One of the problems with writing a series of books is that anything set up in the first volume has the option of coming back to bite. However carefully planned the series arc, once the first book is in print, the author is committed in certain directions with certain characteristics. Learning to avoid these pitfalls is a skill, as is leaving enough blank spaces to clarify and explain the things not thought of in the exhilaration of writing an early draft. Some things, though, cannot be changed without admitting the situation hadn’t been thought through properly and the editor hadn’t picked up on inconsistencies.
The first book in this series, Chasing Embers, introduced us to Red Ben Garston. It is not unusual in fantasy to encounter characters who have lived for hundreds of years. It’s less usual for them to be a dragon that can take human form. To be able to transform from human to dragon is not a problem, after all, dragons are magical creatures. In this case though, the dragon weighs twenty tons. Where does the extra mass come from? And why isn’t there an inrush of air when he changes to the smaller human form?
The premise behind the series is that mythical creatures (called Remnants) did once roam the Earth but because they were causing havoc a Pact was drawn up whereby all myths were put into a deep sleep, except for one member of each race. Ben is the representative dragon. The magic that put the Remnants to Sleep is Fay magic, and they have left, all except Von Hart who is their representative. Fair enough. It isn’t beyond imagination that such an agreement could be made, but to put the onus on the British King John is illogical. He was never in a position of sufficient influence, even his barons had the upper hand when he signed the Magna Carta. There were rulers with greater influence at the time, such as the Pope and the Emperor of China.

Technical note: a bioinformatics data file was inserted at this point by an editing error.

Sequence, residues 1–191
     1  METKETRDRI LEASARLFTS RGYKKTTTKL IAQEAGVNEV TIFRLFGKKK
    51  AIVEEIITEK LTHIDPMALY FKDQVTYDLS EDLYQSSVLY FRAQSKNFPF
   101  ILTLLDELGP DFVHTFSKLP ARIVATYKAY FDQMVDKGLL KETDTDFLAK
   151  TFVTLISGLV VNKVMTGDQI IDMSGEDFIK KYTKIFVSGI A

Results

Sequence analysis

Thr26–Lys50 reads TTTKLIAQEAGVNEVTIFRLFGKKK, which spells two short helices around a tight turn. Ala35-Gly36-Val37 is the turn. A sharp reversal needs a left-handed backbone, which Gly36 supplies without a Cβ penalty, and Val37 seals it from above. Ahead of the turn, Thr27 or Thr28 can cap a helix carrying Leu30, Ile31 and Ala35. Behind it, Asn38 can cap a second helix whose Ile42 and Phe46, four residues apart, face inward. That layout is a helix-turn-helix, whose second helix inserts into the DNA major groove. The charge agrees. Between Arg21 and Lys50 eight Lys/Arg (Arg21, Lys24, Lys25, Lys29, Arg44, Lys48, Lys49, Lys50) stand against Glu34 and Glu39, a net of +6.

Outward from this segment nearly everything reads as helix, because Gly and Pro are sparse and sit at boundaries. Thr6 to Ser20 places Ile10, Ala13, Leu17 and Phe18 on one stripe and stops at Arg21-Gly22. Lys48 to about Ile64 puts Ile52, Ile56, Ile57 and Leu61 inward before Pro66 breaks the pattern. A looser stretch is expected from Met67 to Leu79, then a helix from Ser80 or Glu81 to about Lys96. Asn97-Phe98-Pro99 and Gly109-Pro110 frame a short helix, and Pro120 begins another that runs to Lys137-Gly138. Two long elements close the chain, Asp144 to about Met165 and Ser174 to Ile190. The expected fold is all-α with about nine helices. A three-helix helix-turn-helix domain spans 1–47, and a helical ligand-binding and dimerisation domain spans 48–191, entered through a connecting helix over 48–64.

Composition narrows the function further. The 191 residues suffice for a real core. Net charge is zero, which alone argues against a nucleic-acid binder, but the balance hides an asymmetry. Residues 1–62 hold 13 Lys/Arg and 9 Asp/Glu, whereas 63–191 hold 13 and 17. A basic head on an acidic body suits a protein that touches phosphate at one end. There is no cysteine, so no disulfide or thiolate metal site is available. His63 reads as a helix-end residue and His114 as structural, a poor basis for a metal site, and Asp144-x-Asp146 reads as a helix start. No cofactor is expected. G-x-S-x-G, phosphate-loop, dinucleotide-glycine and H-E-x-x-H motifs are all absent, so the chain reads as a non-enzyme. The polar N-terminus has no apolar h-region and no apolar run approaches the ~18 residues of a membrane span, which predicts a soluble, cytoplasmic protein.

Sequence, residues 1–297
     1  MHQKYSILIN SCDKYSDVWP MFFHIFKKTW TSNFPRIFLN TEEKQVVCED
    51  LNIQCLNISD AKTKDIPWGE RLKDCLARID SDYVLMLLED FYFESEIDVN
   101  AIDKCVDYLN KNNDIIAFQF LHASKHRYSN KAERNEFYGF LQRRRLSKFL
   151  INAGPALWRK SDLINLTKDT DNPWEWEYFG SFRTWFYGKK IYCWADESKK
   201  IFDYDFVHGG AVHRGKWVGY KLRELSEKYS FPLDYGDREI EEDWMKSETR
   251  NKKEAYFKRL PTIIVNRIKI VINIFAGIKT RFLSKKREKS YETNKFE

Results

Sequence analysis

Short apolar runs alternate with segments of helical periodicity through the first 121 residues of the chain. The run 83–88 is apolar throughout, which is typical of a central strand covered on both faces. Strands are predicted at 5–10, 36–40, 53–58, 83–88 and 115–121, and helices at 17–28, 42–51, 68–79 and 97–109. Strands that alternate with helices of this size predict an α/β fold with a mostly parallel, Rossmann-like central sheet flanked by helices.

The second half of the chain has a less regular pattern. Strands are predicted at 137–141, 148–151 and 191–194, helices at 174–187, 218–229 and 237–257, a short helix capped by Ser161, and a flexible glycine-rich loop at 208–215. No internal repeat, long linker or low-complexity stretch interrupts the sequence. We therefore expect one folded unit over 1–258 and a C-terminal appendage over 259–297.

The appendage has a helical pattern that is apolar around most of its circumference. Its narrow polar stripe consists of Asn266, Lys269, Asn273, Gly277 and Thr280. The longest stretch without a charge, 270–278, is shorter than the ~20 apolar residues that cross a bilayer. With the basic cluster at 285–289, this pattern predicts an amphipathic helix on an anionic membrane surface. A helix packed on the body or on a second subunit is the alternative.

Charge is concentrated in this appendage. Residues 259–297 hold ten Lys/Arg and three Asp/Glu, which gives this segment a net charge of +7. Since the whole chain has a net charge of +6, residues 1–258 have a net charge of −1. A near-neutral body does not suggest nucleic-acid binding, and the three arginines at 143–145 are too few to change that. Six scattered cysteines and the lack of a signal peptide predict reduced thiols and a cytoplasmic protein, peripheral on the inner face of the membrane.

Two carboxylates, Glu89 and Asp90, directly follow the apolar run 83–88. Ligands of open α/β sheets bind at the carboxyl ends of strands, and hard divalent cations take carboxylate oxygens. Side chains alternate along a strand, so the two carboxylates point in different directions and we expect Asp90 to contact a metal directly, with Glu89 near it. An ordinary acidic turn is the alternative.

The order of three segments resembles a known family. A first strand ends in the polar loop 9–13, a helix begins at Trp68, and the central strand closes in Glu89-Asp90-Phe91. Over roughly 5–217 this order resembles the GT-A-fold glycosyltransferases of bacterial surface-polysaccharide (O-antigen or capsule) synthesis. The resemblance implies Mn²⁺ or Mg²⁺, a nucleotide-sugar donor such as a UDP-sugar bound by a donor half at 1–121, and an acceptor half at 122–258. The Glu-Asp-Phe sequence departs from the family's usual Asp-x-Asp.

Another problem was the concept of the Pact being initiated throughout the world. Raising Fire does go some way to explain this suggesting that Von Hart travelled around the world putting the Remnants to sleep over a period of sixty years. The instrument that created the magic was a Fay harp which was subsequently broken into pieces. Von Hart has kept one, the others being in the care of the Whispering Chapter (a religious order) and the Guild of the Broken Lance (an order of knights). While they are separate, the Remnants cannot be awoken.
As Raising Fire opens, Ben is trying to resist the summons of a piece of the harp by getting drunk, but ultimately fails. The Whispering Chapter have decided that he must stand trial (with the foregone conclusion that he will be executed) for breaking the Pact due to the events in Chasing Embers. They also want to know where Von Hart is having decided that the pieces of the harp are better together in their care. Escaping, Ben decides that finding Von Hart himself would be a good idea. Before he has a chance to locate him, he realizes that Von Hart has awoken another dragon, one that was put to Sleep in China. Mauntgraul is a deadly enemy, the white dragon that fought with Ben’s red dragon over Wales. Such is the other dragon’s ferocity and bloodlust that Ben feels that he must deal with that situation first.
The new significant character here is Jia Jing. She is sin-you and in her mythical form resembles a unicorn. She is the representative of her kind and has been trained by Von Hart. She wants the pieces of harp for different reasons and Ben gradually realizes that they have both been set up by the Fay. If he gets all the pieces of the harp and remakes it, he can wake all the Remnants (legitimately as the Pact has been broken) and create havoc. Ben wants to save the world from that outcome.
The action crosses the Northern hemisphere from London to China (several times) with stops in Paris, the Italian Alps and Hong Kong. People die, building get erased before the final denouement. If what you want for a few hours of light reading is mayhem with dragons then you will probably enjoy this despite the purple prose. It is an interesting idea but the execution leaves much to be desired.